During one stride, I smashed into the huge boar’s shoulder. When I hit the bear, I immediately started to slow down. My nose flattened and my jacket started to split as the front lead core expanded against the hide and muscle. I could feel the back core pushing forward, making the mushrooming effect work faster. Suddenly, I hit a massive bone and I spun right through the rock-hard material. My nose was flattened and I got some nasty scars as I passed through the scapula.
I was slowing down but still traveling fast enough to smash another huge bone structure. As I went through the vertebra, I severed the spinal column and started to tip end over end. I continued through muscle tissue and was just about spent when I encountered a tough, stretchy material that stopped my forward momentum. I felt a huge crash as the bear fell to the hard-packed sand.
All was silent for a few seconds. The huge boar tried to breathe and get back to his feet, but he was completely paralyzed. I could feel incredible tension in his body, but he never made a sound. Suddenly, his body rocked as a huge force slammed through his spine and chest. The hydraulic effect was incredible as my buddy passed a foot or so from me. He demolished the spine and lungs, and I felt the hide stretch tightly as he came to an abrupt stop. Then silence. The old boar breathed his last and left the sandbar without a moan or shudder.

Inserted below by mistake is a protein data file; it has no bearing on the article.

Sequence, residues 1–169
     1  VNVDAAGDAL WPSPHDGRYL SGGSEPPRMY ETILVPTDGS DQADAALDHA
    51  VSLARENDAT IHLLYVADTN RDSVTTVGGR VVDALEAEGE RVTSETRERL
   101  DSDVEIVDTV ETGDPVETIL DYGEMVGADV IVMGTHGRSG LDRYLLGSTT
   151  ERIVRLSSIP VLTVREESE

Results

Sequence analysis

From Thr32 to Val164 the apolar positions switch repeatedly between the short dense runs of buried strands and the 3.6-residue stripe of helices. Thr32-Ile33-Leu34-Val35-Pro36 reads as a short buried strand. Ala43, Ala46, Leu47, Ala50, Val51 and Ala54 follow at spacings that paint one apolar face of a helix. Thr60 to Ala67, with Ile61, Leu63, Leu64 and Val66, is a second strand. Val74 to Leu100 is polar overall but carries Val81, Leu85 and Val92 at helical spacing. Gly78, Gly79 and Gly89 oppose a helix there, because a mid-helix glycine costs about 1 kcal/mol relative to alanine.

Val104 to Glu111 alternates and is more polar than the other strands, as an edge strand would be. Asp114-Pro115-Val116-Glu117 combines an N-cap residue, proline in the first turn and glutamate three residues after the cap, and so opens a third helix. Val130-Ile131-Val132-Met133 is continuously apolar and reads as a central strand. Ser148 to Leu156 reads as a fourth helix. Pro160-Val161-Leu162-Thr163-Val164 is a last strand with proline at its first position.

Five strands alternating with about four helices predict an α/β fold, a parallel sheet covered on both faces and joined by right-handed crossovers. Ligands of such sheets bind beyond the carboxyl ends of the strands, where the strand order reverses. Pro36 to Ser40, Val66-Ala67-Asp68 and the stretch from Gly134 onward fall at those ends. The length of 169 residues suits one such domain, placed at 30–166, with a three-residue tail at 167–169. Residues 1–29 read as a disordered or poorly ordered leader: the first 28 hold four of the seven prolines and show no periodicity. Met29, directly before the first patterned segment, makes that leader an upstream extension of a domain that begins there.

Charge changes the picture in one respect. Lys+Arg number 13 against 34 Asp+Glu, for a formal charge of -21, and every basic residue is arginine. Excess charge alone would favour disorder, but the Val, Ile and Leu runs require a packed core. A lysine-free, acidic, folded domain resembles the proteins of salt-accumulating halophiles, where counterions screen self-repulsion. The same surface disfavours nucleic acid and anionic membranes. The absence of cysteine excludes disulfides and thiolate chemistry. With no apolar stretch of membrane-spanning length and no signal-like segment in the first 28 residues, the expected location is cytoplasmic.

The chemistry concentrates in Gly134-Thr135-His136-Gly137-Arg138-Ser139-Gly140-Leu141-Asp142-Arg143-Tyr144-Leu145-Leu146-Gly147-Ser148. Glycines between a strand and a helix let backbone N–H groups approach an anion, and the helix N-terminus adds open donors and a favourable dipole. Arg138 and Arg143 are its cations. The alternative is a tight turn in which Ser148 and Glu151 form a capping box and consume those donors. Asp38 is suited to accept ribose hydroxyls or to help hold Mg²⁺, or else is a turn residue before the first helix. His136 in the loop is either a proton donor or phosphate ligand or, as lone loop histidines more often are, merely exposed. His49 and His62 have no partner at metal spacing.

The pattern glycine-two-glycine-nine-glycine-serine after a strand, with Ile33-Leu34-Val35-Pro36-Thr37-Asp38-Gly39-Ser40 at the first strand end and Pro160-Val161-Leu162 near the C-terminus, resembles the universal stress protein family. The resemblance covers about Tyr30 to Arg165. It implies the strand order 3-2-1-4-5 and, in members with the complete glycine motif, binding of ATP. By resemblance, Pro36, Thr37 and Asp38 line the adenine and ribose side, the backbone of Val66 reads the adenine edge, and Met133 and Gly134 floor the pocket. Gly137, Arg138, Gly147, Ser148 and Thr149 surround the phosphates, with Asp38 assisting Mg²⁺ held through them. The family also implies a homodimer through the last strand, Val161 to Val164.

In a few minutes I heard a voice ask, “What is your procedure now, Wayne? Just tell me and I will do what you say.”
“We hit him one more time before we handle him, Ian. Take him through the backbone into the chest.”
There was another explosion and one of our buddies slammed through the spine and blood-filled chest cavity. He stopped inside the cavity a foot or so from the second bullet. The entire body rocked as the energy transferred from our buddy to the hulking mass. Then silence. And stillness.
“OK, Ian. You have an incredible trophy my friend!”
Congratulatory shouts and the sound of high-fives competed with the gale wind as the three happy men let their emotions run their course.
Later, I was aware of a lot of tugging and slicing near my resting place. Suddenly I was plucked up and handed to the shooter.
“Here is your first one, Ian. Perfectly mushroomed. That bullet did a heck of a job!”
“I don’t want to lose that bullet. What a trophy of this hunt!” said the shooter as he dropped me into a pocket in his camera bag.
A few minutes later my buddy joined me. We were no longer shiny and smooth. We had lost a bit of weight. We had bulging mushroom shaped noses and scars and gashes. We had blood, tissue and bone stuck in our jackets. We had done the job in true Swift A-Frame fashion. Everyone back at the Swift Bullet Company would be proud of our performance.
Later, the hunter cleaned us up. He removed tissue and gristle from the curled jacket segments with a sharp needle and plenty of hot water. Then he dried us off and admired us for several seconds. He put us in a small drawer in his office, where we rest with several other bullets. Every so often he takes us out and examines us closely. His eyes close, and he returns to that windswept sandbar on the Copper River where we had the adventure of a lifetime.
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